Unbundling Airfares

Southwest Airlines took a full page Ad in WSJ to air travelers about the added costs of all other airlines. The side by side comparison shows Southwest charing $178 flat and the other airline charging extras over over the same $178. The Dallas MorningNews reports:

The message is that “Southwest is not going to do that to their customers,” said Melanie Mahaffey, senior manager at Southwest’s advertising agency, GSD&M Idea City. “They decided to do this marketing push to show how they’re different and not going to raise fees on their customers.”

Southwest chief executive Gary Kelly says the airline wants credit for not charging for such things as changing a ticket or checking a couple of bags.

“It’s not what customers want,” Mr. Kelly said after Southwest’s annual meeting May 21. “Nobody wants to be nickeled and dimed.”

There are two points we can deduce from this

1. Southwest cost structure is so so low that it can still make a profit $178, even after providing all the usuals (free bags checkin, free soda …). In other words, Southwest Bundled Price still makes money for them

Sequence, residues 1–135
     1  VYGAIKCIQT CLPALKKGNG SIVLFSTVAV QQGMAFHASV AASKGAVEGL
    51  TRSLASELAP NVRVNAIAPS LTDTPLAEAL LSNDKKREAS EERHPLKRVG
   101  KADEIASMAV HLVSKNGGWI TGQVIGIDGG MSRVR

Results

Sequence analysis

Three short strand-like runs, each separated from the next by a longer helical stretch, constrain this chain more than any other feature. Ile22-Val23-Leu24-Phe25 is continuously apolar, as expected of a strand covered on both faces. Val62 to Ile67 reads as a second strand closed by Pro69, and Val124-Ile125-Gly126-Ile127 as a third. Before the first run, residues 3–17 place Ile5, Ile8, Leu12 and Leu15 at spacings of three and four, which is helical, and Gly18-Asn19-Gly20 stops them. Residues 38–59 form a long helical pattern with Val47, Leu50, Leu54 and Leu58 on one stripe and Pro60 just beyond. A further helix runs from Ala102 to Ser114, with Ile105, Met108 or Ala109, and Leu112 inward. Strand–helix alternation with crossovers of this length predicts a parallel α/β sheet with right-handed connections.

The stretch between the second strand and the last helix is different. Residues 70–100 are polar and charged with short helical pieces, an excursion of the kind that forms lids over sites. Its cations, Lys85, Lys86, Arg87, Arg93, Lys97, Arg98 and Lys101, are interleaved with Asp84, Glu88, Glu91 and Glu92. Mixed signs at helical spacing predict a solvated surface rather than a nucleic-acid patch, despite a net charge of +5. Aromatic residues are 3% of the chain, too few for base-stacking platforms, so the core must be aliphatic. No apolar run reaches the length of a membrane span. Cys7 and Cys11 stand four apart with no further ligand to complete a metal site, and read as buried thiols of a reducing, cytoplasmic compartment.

2. Southwest by committing aggressively to an Ad strategy of speaking against all the fees and positioning itself as “nofees” gives up the option to every do unbundled pricing.

Either they expect their cost structure to continue if not improve or they rely on every airline doing unbundled pricing and transitioning to it without getting noticed. If it is the latter, then it does not make sense to differentiate themselves on this. So we should assume that they are continuously improving their operations and hence will keep their costs down.

It still look like they will be leaving a lot of money on the table if every other airline does unbundling.

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